Don’t leave your dog outside when you’re not also outside. If you have to go inside, bring your dog inside with you. Make it a point that your dog isn’t allowed outside unless someone is outside too.

Keep Your Dog Away From the Edge of the Fence

If your dog can’t get close to the fence, he won’t dig a hole there. Make the ground leading up to the fence uncomfortable for him. Your dog hates walking on crushed stone or gravel, so use that to your advantage. Put down crushed stone and create a two-foot perimeter before the fence to keep your dog away from the bottom of the fence.

You could use planter boxes along the fence to keep your dog from reaching the fence. If you do this, make sure your dog doesn’t use the planter boxes as a step to jumping over the fence.

Get a Dig-Proof Fence

What if you can’t always have your dog inside or be outside with him? He doesn’t mind crushed stone or can jump a fence if you add planters along the border. But, you can’t keep him inside all of the time. You have a daily meeting and need to have a quiet home, so putting your dog outside for the meeting is important. Our best tip is to make sure your fence is dig-proof.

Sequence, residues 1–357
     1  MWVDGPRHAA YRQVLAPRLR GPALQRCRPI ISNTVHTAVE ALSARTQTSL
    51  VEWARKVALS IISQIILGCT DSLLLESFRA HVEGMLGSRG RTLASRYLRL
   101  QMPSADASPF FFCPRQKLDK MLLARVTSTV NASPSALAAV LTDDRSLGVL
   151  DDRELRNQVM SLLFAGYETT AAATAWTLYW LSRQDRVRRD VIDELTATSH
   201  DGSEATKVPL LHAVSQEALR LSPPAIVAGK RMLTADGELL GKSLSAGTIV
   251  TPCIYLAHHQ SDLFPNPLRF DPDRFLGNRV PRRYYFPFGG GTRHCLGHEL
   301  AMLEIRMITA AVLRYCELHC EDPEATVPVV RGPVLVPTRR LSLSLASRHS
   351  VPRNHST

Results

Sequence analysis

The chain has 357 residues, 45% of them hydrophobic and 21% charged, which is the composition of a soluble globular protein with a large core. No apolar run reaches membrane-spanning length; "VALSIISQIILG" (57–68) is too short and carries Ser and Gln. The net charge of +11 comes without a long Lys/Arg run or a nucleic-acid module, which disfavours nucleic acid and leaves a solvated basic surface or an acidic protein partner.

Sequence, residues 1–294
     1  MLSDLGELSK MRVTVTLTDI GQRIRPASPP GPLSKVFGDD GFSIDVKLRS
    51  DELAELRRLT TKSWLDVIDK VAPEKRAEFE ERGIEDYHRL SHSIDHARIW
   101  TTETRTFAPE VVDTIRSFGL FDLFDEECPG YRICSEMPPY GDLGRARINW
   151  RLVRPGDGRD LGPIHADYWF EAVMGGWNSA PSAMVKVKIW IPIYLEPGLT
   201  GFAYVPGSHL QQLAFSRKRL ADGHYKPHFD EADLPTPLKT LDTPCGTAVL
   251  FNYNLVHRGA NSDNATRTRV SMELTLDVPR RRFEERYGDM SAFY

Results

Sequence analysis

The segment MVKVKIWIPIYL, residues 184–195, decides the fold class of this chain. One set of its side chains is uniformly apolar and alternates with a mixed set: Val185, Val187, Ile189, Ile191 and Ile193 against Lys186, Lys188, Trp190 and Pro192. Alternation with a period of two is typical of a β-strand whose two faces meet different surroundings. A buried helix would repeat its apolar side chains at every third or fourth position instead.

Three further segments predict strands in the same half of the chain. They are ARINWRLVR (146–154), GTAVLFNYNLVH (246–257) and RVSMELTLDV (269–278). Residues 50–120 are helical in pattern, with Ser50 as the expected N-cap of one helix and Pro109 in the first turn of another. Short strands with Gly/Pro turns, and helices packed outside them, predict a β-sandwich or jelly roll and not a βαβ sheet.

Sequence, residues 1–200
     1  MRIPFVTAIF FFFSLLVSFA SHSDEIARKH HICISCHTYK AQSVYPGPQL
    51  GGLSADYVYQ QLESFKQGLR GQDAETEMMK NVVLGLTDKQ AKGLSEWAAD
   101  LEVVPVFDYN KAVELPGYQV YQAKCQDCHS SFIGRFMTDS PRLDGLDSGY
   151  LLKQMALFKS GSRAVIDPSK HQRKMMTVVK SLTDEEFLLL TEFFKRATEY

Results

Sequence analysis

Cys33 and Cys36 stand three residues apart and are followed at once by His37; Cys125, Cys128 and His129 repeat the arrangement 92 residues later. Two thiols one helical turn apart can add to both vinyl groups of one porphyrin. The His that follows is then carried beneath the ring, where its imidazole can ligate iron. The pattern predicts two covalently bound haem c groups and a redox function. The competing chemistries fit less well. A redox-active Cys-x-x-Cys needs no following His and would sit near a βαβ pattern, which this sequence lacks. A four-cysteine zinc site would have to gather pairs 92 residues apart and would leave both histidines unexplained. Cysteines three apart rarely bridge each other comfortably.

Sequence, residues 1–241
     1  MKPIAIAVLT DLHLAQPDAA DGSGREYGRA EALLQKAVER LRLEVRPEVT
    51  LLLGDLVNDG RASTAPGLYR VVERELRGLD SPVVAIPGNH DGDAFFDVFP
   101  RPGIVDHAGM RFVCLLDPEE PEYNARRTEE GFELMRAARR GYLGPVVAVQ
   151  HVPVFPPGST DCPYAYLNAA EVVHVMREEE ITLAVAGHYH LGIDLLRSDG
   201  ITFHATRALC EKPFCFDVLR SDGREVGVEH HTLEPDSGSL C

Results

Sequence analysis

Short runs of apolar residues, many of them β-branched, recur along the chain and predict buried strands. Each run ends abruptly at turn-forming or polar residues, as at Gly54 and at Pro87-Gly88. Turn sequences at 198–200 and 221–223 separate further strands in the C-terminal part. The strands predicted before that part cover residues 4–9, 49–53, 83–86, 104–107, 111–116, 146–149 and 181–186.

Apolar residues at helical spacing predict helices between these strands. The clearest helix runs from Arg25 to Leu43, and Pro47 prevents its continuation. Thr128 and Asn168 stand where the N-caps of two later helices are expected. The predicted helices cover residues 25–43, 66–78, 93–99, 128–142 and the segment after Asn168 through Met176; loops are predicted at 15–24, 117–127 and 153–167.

An unbreakable mesh guard that forms a barrier along the ground is essential. Your dog will go to the edge of the fence and try to dig a hole, but the dig-proof barrier prevents digging.

All Pet Playgrounds fences come with dig guards. There’s a second of extended fencing that covers the ground and is secured in place using stakes until plants grow around the durable mesh. Depending on the fence you choose, either the polypropylene mesh (1,100-pound break strength) or rubber-coated steel mesh (1,800-pound break strength) will prevent your dog from digging through it.

With Pet Playgrounds’ durable, DIY dog fences, you choose the size you need. You can secure the fencing to existing trees or use the posts that do not require a post-hole digger. Our easy-to-install dog fence kits included everything you need. It’s easy to install these fences and is much kinder to your budget than chain link, underground, or vinyl fencing. Fill out the online Build-Your-Kit form to get pricing before you place an order.